Harris to oversee White House Office of Gun Violence Prevention

Goal is to implement and expand upon legislation, executive actions

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U.S. Vice President Kamala Harris, September 2023. (Official White House photograph by Lawrence Jackson)

The White House announced Thursday evening that President Joe Biden on Friday will establish the first-ever White House Office of Gun Violence Prevention, to be overseen by Vice President Kamala Harris.

The office will focus on implementing and expanding upon executive and legislative actions, including the Bipartisan Safer Communities Act, “to reduce gun violence, which has ravaged communities across the country.”

Serving under Harris will be Stefanie Feldman, “a longtime policy advisor to President Biden on gun violence prevention,” and “leading gun violence prevention advocates Greg Jackson and Rob Wilcox.”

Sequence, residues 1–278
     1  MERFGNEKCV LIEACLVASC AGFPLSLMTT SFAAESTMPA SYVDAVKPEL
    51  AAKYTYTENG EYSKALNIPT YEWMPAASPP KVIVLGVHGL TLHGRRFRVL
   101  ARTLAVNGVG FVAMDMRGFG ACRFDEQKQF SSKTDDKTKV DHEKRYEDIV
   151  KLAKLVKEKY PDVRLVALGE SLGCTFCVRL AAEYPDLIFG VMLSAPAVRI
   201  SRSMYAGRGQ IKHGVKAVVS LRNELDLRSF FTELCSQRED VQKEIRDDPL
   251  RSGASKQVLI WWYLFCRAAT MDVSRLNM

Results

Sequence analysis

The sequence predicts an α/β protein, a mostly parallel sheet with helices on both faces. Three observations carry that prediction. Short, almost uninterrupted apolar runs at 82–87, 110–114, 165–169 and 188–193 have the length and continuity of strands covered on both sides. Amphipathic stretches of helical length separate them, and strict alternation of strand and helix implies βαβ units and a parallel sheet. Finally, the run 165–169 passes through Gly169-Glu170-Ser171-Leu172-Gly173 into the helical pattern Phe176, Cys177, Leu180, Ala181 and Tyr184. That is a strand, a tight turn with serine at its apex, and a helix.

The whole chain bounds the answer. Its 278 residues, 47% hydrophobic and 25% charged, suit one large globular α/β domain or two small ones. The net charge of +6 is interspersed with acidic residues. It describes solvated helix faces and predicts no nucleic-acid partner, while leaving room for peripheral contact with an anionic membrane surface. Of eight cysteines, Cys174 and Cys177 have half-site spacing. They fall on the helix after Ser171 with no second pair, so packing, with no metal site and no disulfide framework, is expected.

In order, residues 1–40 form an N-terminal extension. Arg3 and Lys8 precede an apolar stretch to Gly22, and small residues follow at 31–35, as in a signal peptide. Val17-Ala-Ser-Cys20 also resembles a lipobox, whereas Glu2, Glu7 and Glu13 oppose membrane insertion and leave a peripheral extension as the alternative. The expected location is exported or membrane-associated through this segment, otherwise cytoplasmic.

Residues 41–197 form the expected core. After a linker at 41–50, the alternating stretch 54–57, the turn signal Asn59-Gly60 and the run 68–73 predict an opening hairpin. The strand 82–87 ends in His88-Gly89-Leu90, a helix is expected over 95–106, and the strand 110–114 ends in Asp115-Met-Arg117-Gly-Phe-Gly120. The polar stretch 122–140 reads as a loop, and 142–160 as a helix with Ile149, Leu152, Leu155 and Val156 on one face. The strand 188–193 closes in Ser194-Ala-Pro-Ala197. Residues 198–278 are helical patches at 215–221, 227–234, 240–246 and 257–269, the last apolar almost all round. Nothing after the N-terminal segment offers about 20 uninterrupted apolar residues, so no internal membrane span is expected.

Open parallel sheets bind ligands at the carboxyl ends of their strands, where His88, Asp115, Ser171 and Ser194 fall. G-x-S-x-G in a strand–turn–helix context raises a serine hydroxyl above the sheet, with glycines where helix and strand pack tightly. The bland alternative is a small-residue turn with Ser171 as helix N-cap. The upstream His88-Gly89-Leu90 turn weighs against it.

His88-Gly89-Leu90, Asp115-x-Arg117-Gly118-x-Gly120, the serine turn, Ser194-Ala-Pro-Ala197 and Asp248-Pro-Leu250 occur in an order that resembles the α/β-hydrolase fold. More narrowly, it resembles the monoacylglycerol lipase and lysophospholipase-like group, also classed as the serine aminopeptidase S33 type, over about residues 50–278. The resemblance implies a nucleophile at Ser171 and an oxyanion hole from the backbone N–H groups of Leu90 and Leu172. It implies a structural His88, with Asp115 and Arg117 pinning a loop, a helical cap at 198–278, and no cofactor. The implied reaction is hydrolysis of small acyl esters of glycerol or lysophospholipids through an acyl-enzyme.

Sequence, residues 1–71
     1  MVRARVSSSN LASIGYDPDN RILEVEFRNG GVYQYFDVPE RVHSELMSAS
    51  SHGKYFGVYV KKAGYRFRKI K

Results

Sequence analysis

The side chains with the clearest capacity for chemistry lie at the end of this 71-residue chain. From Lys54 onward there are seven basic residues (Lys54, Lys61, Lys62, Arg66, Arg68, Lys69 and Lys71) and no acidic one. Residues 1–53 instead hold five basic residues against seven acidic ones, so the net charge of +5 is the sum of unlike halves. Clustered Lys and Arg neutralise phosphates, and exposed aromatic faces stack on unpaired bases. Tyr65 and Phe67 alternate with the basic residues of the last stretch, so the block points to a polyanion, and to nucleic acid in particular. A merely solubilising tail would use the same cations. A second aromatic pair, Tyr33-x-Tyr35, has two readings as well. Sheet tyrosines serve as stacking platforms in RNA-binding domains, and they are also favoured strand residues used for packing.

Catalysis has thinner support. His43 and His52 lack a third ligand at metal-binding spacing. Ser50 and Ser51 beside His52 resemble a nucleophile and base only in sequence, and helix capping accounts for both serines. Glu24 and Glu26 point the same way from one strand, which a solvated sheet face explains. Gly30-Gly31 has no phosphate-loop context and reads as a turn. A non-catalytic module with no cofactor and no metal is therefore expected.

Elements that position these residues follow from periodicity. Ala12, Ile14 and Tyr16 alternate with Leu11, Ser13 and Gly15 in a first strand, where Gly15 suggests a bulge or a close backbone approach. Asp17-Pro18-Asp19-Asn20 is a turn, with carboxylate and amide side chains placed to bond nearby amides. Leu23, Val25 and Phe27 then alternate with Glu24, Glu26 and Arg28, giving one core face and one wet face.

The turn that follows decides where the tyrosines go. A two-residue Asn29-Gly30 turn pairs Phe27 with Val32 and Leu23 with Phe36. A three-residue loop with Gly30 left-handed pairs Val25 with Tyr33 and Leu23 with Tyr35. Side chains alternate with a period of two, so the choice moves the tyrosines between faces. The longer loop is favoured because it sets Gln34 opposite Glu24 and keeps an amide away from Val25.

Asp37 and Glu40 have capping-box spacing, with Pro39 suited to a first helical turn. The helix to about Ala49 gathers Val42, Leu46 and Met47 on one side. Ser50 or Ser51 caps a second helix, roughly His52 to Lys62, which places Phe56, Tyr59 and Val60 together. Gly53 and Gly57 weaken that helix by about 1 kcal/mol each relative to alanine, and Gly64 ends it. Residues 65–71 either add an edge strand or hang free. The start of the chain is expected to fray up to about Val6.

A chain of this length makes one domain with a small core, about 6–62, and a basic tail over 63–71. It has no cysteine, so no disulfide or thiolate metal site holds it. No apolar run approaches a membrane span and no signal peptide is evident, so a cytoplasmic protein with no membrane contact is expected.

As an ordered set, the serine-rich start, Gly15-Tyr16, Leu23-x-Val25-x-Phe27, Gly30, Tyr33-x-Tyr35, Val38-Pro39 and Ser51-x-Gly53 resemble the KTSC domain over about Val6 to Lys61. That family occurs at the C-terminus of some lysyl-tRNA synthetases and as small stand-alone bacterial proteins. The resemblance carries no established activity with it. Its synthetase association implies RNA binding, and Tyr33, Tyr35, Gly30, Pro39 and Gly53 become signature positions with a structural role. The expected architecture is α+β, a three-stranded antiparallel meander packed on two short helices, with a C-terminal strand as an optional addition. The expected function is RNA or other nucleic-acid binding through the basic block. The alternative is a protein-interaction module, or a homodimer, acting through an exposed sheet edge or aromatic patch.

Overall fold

“Every time I’ve met with families impacted by gun violence as they mourn their loved ones, and I’ve met with so many throughout the country, they all have the same message for their elected officials: ‘do something,'” Biden said in a statement.

The president noted his signing of last year’s bipartisan gun violence prevention law, a flagship legislative accomplishment for the administration, along with his issuance of more executive actions than any president in history to address this problem.

Calling these “just the first steps,” Biden said the establishment of the White House Office on Gun Violence Prevention will “build upon these measures and keep Americans safe.”

He also urged Congress to do more by passing legislation requiring universal background checks, and baning assault weapons and high capacity magazines.

In a statement, Harris said, “This epidemic of gun violence requires urgent leadership to end the fear and trauma that Americans experience every day.”

“The new Office of Gun Violence Prevention will play a critical role in implementing President Biden’s and my efforts to reduce violence to the fullest extent under the law,” she said, “while also engaging and encouraging Congressional leaders, state and local leaders, and advocates to come together to build upon the meaningful progress that we have made to save lives.”